By LORRAINE V. MURRAY, Commentary | Published November 13, 2014
There is a scruffy one-eyed sparrow that visits our window feeder each morning. He positions himself with his good eye looking toward the yard so he can detect any other birds that might be intent on staking claim to the seeds.
We also have a shy brown rabbit that sits near the back deck when we are having supper. As we munch on our salads, he whittles away at the weeds. We usually don’t need a radio when we’re out there, since the choir of crickets provides a rousing concert. And don’t forget the tree frog, the little tenor that croons his version of an amphibian love tune.
You might be thinking we live on a huge farm out in the country, but in fact we have only a small lot in Decatur. There’s been quite a bit of development on our block, but the diminutive forest in our yard continues to draw an abundance of finches, cardinals, bluebirds, nut hatches—and in warmer months, those wonderful winged helicopters, the hummingbirds.
Each fall we hear insistent clucking sounds made by chipmunks in search of a mate. Twice yearly, distant honking noises alert us to look skyward to see the migration of the sandhill cranes. And on some mornings piercing shrieks announce the presence of red-tailed hawks sailing through the clouds.
St. Thomas a Kempis, in “The Imitation of Christ,” points out that every living being can convey a lesson for us. As he puts it, “Every creature will be a mirror of life and a book of heavenly teaching.”
Sometimes, though, I believe we overlook the small lessons and demand too much from God. In the old Janis Joplin song, for example, the lyrics present a wish list for God that includes a Mercedes Benz, a color TV and a night on the town.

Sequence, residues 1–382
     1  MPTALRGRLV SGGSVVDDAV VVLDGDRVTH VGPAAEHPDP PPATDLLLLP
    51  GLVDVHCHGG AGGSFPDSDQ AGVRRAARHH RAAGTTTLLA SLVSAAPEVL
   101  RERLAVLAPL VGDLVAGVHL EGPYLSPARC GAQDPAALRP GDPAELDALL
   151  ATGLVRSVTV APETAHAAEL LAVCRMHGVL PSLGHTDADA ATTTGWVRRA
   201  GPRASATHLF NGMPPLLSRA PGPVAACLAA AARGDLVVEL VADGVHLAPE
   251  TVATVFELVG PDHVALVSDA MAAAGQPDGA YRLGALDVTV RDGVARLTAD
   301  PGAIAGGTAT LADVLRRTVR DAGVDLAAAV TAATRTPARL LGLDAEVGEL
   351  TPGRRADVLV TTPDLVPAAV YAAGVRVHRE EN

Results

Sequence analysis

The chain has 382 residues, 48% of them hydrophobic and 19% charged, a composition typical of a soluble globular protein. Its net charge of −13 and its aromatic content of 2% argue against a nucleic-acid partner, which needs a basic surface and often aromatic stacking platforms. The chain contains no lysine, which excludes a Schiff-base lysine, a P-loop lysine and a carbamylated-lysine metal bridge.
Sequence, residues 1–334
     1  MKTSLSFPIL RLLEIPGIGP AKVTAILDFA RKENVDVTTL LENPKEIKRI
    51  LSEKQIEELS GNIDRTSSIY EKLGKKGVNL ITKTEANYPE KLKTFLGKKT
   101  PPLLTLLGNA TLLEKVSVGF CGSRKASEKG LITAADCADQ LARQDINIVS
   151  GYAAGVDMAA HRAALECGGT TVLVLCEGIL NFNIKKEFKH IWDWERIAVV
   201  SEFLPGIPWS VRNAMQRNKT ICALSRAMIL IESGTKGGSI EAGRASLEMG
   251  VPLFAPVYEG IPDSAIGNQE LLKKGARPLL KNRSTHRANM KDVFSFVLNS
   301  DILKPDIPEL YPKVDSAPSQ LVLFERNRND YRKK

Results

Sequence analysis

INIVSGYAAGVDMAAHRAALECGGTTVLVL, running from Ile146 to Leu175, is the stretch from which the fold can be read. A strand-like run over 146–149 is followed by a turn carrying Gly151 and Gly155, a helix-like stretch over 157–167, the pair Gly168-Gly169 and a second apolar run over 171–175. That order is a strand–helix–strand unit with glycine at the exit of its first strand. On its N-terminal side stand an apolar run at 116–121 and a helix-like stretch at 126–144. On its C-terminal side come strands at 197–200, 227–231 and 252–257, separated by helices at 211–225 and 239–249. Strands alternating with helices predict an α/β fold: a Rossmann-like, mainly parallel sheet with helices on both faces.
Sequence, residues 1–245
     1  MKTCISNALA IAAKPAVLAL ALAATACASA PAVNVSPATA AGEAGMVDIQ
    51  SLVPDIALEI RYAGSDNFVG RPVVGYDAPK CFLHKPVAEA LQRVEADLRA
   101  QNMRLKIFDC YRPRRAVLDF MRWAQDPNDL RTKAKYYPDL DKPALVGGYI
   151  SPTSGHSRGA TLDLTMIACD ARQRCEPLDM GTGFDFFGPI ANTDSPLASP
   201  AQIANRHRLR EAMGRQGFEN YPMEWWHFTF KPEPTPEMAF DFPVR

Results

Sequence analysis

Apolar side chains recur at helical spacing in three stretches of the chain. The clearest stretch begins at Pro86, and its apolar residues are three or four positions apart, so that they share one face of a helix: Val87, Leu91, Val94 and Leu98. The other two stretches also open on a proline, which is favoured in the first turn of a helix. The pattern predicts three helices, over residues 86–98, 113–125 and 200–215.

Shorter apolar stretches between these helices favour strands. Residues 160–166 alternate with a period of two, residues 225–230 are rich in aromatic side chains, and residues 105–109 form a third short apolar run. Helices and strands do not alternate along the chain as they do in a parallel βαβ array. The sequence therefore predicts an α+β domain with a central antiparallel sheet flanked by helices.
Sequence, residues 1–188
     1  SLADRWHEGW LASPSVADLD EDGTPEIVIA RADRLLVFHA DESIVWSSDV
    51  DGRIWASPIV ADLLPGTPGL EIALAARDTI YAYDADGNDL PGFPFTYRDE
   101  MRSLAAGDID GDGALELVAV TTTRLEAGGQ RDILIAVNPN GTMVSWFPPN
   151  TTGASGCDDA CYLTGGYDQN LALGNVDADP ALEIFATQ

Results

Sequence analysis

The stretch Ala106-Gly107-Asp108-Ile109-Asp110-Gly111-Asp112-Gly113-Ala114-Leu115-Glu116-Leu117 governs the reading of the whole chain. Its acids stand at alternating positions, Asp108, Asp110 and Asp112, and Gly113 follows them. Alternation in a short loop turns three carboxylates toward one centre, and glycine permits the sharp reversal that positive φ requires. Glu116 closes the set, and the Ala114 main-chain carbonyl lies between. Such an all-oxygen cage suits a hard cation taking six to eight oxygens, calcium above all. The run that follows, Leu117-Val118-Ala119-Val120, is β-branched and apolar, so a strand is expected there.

God is quite generous, giving us a sunrise and a sunset every day, plus an array of fancy flowers. He also sends rain for our gardens, wheat for our bread and honeybees to pollinate fruits and vegetables for our table.
It can be tempting, however, to take all these glorious gifts for granted and keep praying for manmade stuff like an elegant car, sprawling house and a closet crammed with clothing. Of course, God can provide these, but it seems ungrateful to overlook what he’s already doling out so generously.
That sparrow conveys a mystical message. In St. Matthew’s Gospel, Jesus assures us that God is aware of every movement of these tiny birds: “Not one of them will fall to the ground without your Father’s will.” These are such humble birds, not as colorful as, say, cardinals and bluebirds, and certainly not as extravagantly decked out as a peacock. Still, this is the bird Jesus pointed to as an example of God’s love for us.
The one-eyed sparrow at the feeder reminds me that our heavenly Father watches over each creature, no matter how plain, no matter how lowly. He provides their daily bread. And each of them has a place in his heart. Just like we do.
Lorraine’s latest book, “Death Dons a Mask,” is available at www.lorrainevmurray.com. Artwork is by Jef Murray. Readers may contact the Murrays at email@example.com.